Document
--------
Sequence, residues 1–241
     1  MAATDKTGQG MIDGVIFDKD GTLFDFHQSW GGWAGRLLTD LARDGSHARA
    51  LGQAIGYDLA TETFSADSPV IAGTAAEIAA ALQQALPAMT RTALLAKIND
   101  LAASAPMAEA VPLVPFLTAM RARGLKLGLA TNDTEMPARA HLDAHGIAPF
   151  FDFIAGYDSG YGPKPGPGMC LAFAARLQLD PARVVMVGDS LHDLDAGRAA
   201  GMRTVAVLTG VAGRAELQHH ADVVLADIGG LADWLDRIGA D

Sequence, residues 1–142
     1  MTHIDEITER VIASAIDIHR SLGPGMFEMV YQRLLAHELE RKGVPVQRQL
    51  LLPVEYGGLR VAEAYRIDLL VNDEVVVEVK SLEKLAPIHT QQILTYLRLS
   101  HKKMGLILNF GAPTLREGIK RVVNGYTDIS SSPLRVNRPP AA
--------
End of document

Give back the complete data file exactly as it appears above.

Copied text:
Sequence, residues 1–241
     1  MAATDKTGQG MIDGVIFDKD GTLFDFHQSW GGWAGRLLTD LARDGSHARA
    51  LGQAIGYDLA TETFSADSPV IAGTAAEIAA ALQQALPAMT RTALLAKIND
   101  LAASAPMAEA VPLVPFLTAM RARGLKLGLA TNDTEMPARA HLDAHGIAPF
   151  FDFIAGYDSG YGPKPGPGMC LAFAARLQLD PARVVMVGDS LHDLDAGRAA
   201  GMRTVAVLTG VAGRAELQHH ADVVLADIGG LADWLDRIGA D

Sequence, residues 1–142
     1  MTHIDEITER VIASAIDIHR SLGPGMFEMV YQRLLAHELE RKGVPVQRQL
    51  LLPVEYGGLR VAEAYRIDLL VNDEVVVEVK SLEKLAPIHT QQILTYLRLS
   101  HKKMGLILNF GAPTLREGIK RVVNGYTDIS SSPLRVNRPP AA